Businesses worldwide cut back on overseas investments in the first half of 2012, the Wall Street Journal reported. That is a vivid sign of the economic slowdown spanning the globe.
Foreign direct investment dropped 8 percent to $668 billion for the first half of the year when compared to the same period in 2011, according to the U.N. Conference on Trade and Development.
Emerging markets such as Russia and India saw considerable declines in investments, as did the United States. Interestingly, China passed the United States as the chief target for foreign investment during the period in question. That has not happened since 2003.
A trend is clear: since 2008, developing economies have become more appealing targets for investment as interest in developed economies has waned. Foreign investment in both types of economies matched for the first time, according to a recent report.
Businesses are less eager to make investments due to the unsettled nature of the world economy and political uncertainties, the Journal noted.
One uncertainty is the U.S. presidential election. But another is leadership change in China, which will occur next month. The European debt crisis is another factor causing investor caution.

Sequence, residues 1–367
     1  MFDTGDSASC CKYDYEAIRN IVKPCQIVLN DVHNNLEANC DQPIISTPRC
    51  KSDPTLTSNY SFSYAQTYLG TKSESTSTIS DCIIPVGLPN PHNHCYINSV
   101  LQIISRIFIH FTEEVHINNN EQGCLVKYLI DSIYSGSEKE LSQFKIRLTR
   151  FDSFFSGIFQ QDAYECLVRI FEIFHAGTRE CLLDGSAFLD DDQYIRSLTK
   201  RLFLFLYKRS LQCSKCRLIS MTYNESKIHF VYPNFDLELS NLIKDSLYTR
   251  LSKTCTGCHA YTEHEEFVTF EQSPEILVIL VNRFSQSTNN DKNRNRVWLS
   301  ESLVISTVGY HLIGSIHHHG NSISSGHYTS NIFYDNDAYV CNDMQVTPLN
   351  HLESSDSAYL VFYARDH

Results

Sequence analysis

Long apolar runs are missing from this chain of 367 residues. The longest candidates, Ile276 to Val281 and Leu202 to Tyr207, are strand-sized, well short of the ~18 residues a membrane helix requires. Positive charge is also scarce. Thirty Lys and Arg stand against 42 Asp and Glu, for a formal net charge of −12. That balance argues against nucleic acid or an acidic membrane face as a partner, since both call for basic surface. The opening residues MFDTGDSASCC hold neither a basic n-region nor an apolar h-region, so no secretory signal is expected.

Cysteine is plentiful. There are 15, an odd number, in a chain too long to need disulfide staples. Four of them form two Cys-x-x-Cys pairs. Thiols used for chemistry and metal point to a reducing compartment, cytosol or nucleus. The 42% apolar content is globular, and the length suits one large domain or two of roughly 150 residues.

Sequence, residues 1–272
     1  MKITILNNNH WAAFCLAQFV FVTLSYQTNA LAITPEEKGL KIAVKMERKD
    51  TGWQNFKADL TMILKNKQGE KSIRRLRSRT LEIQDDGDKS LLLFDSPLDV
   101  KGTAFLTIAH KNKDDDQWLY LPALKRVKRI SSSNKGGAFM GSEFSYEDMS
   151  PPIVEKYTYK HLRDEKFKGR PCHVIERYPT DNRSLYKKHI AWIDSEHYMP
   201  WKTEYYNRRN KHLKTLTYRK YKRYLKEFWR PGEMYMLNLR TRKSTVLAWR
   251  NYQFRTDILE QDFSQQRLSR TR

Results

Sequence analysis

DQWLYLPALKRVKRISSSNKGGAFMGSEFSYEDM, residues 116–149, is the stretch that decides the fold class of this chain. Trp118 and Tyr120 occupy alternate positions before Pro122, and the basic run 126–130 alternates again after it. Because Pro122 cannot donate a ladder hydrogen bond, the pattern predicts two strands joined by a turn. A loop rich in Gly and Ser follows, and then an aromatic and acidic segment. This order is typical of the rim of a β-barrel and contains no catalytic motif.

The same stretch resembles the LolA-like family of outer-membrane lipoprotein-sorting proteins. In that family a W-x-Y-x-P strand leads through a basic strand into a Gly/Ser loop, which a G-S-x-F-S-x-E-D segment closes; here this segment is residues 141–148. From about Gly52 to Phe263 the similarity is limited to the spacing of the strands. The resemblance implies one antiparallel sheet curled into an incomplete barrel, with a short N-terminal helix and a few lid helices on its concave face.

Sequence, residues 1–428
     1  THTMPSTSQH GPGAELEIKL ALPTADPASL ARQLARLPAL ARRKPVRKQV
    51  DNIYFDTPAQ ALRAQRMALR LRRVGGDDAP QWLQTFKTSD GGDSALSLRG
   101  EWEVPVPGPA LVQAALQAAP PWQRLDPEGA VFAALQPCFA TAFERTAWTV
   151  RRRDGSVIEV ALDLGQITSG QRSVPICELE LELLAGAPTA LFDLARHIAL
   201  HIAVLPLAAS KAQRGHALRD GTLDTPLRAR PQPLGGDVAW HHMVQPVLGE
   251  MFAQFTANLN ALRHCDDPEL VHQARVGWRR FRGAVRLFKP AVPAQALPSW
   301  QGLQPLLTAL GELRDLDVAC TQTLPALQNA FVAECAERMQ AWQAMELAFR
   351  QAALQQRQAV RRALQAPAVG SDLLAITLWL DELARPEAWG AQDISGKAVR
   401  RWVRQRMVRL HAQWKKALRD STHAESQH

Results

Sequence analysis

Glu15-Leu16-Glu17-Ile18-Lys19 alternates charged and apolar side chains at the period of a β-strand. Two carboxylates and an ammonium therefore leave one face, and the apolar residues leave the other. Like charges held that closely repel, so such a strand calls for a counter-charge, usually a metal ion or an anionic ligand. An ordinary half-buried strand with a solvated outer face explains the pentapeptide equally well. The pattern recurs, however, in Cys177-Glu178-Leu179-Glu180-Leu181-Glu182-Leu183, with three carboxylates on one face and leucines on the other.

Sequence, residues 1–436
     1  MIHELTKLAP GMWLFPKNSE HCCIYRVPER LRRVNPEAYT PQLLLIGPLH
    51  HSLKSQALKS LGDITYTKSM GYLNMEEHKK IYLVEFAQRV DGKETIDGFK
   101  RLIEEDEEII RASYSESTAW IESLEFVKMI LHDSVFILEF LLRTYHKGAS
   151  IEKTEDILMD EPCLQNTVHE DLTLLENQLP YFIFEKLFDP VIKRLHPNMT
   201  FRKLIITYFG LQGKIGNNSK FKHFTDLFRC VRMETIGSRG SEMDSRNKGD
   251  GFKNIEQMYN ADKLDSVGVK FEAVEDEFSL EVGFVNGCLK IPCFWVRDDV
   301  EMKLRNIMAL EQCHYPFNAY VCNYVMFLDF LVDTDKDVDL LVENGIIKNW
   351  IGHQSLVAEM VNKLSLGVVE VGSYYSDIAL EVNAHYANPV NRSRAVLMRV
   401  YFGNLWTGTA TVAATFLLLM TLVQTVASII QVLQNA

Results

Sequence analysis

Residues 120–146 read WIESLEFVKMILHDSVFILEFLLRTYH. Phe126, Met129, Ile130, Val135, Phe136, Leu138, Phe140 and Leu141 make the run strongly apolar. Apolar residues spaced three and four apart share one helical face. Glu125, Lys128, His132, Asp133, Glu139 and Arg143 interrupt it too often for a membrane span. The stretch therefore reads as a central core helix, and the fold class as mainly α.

Much investment is going to developing economies because of faster growth rates than more advanced economies.
Foreign investment into the United States reached more than $300 billion in 2000 before falling in the recession that followed. Investment surged in 2008 before dropping yet again during the economic downturn.
With the world slowing, foreign companies dont have the cash flow they once had and theyre quite nervous about what their future is going to be, said economist Martin Baily of the Brookings Institution.
Foreign investment in the United States reached $57.4 billion in the six-month period. It was $59.1 billion in China.